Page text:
Making a lined jacket for Iplehouse EID BJDs

Making a lined jacket for Iplehouse EID BJDs

Hi, everyone! This is Lomi, and this week
I’ll be showing how to assemble the pattern I created for Rune’s jacket. The base pattern
is available on my site, and it’s a little more complicated than the other patterns I’ve
shared so far, so if you have any trouble understanding directions or can’t see what
I’m doing because my camera is zoomed in a little more than usual, don’t hesitate to
ask for help in the comments below. To begin, you’ll want to cut out your pattern
pieces and prepare them for assembly. I’ve pinned all my pieces together to get through
this tutorial a little faster. I’m using tan microsuede for the lining, the cap sleeves,
and the front flap. For the outer shell, I’m using medium weight denim blue suede. Start by sewing the cap sleeves. The bigger
curve is the outside, and the shallow curve is what will attach to the jacket. Place the
right sides of the fabric together, and sew both sleeves and set them aside. Next, sew the shoulder seams on the lining. As always,
make sure it’s assembled with right sides together. Then take the pieces for the front flap and
sew up one side and across the top, leaving the bottom and the other side open. Next up is the collar. Sew up one side, across
the top, and down the other side, leaving the bottom of the collar open. Now we’ll sew the outer shell. Since this
is a different color of fabric, I stop and switch to blue thread, then sew the shoulder
seams the same way as the lining, with right sides of the fabric together. Next, we’ll finish the sleeves. I use pinking
shears to trim the seam allowance, which will let the seam lay better when turned right
side out. You can do the same thing by cutting notches into the seam allowance with regular
scissors. Then I turn it right side out, using the cap of a pen to make sure the seam is
turned well. Next, I pin and measure some trim, cut it to length, and
sew it on. I do a lot of trim by machine because it’s faster, but it can be tricky, so you may prefer to
add your trims by hand. Adding the trim before attaching the sleeve will put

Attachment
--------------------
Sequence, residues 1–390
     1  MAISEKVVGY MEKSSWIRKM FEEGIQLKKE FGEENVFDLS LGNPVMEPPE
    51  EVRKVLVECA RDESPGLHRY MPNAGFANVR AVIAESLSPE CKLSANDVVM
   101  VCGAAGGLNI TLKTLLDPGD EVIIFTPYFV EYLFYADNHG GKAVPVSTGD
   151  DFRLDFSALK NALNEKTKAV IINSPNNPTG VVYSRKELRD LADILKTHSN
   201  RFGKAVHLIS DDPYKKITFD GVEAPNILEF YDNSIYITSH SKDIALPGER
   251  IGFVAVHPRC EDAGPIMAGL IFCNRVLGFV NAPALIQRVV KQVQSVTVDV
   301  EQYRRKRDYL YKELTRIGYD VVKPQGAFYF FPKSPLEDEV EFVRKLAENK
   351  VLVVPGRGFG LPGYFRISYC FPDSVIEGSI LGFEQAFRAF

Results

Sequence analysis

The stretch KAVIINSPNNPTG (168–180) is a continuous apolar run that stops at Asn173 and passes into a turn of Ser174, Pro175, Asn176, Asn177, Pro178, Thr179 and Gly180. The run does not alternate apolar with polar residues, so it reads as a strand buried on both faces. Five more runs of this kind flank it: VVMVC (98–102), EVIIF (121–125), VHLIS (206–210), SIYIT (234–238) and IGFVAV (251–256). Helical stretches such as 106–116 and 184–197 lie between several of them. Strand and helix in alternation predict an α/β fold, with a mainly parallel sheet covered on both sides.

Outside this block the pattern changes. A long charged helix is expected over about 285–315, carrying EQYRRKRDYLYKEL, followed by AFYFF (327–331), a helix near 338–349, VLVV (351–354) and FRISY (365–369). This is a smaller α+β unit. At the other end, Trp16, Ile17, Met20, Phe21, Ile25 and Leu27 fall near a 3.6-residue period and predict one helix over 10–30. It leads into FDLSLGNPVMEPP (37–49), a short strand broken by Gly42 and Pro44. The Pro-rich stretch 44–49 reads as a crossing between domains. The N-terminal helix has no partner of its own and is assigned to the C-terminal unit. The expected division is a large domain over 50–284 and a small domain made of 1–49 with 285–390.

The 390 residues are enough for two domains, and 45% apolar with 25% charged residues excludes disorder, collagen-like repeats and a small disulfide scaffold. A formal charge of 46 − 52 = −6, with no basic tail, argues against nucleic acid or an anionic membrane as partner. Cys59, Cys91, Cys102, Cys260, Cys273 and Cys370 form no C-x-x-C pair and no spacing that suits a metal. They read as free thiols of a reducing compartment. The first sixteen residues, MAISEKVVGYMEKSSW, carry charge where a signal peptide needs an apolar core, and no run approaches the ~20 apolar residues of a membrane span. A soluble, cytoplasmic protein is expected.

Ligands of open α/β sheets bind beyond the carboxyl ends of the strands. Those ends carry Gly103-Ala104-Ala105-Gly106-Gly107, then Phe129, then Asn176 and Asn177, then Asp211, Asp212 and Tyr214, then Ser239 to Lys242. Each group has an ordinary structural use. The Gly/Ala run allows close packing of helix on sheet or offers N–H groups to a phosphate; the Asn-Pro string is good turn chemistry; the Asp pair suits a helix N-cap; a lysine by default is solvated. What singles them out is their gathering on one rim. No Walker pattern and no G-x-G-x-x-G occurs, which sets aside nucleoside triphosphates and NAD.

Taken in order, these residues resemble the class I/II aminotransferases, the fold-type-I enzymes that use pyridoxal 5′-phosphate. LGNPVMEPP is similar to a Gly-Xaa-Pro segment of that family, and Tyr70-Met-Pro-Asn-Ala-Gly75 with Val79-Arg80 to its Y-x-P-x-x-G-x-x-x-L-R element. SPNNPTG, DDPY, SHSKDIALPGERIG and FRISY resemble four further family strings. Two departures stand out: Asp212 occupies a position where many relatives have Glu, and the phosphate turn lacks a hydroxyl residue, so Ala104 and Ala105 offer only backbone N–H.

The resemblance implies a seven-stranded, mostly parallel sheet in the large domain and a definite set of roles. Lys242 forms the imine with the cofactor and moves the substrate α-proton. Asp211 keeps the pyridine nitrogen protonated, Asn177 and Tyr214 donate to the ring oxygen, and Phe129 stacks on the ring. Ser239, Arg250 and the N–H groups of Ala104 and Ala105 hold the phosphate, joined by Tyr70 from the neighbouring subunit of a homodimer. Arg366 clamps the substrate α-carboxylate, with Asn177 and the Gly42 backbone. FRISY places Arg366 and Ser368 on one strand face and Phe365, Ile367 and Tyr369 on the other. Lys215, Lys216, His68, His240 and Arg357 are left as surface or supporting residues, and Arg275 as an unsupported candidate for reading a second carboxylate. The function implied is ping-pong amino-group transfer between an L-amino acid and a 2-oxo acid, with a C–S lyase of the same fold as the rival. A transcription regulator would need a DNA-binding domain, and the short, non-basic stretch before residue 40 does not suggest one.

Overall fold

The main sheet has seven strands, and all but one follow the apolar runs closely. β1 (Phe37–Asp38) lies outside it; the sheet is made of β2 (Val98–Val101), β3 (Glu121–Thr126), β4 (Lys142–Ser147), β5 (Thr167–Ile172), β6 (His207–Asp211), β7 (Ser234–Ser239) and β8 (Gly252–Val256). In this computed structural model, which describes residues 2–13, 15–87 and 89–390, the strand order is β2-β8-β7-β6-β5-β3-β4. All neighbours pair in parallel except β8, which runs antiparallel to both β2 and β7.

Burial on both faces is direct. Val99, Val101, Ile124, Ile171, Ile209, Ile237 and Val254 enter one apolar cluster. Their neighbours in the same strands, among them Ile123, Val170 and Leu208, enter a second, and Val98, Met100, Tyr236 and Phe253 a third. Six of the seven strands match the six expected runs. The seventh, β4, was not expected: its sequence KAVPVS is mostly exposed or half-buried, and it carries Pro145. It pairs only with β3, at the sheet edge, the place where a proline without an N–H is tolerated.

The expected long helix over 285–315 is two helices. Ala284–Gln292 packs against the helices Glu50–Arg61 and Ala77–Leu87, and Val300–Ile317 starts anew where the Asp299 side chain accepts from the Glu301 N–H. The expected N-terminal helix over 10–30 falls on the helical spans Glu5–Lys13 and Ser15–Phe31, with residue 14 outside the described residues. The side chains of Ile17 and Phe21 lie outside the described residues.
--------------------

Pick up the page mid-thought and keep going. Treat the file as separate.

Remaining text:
the raw edges of the trim inside the garment, where they won’t fray. Once both cap sleeves are embellished, I fold
one in half to find the center, then line the center up with the shoulder seam on the
jacket’s outer shell. Make sure you attach it with the trim side against the right side
of the jacket body. Pin the sleeve to the jacket, and then baste it together. I do this
by machine, using a long stitch and sewing about an eighth of an inch from the edge. Look at me, breaking my own first rule and
sewing over pins. Shame on me. Once it’s on, baste the other sleeve on the same way.
This keeps the sleeves from moving when we attach the lining, which is what comes next. Line up the sleeve hole, with the jacket
outer and the lining facing right sides together. Sew around the sleeve hole, leaving the jacket’s
sides open. Repeat this for both sides. When you turn it right side out, the lining will
be neatly attached to the sleeve opening. Now we’ll attach the collar. Start by trimming the corners and turning it right
side out, making sure the corners are turned well. Fold the collar in half and mark the center point. Then fold the jacket in half and find the
center point on it, as well. Putting the pieces right sides together, line up these
center points and pin it in place. Then tuck the collar in between the lining and the outer shell. Make sure the colors match. For me, the blue side of
the collar should be against the blue, and the tan against the tan. Pin all the layers together with the collar sandwiched in the middle. You’ll notice that the collar will be about a quarter inch
too short to reach to the end of the neck line. That’s exactly how it should be. We’ll finish that front edge later. Sew the layers together. Then, turn the whole thing right side out by pulling the
front of one side through the tunnel created over the shoulder, where the lining is sewn to the jacket
at the collar and the shoulder. Now that the jacket’s right side out, I realized
I was supposed to add trim around the sleeve hole before attaching the sleeve. I just forgot!
So before I sew the sides together, I measure and cut trim for the sleeve holes, and stitch
it on by hand. I always like to show when I mess stuff up, because it shows how it’s
never too late to fix a mistake, and that even when you’re experienced, you still make
mistakes all the time. Once the trim is sewn on, I fold one side
of the jacket so the lining is against itself and the outer shell is against itself, with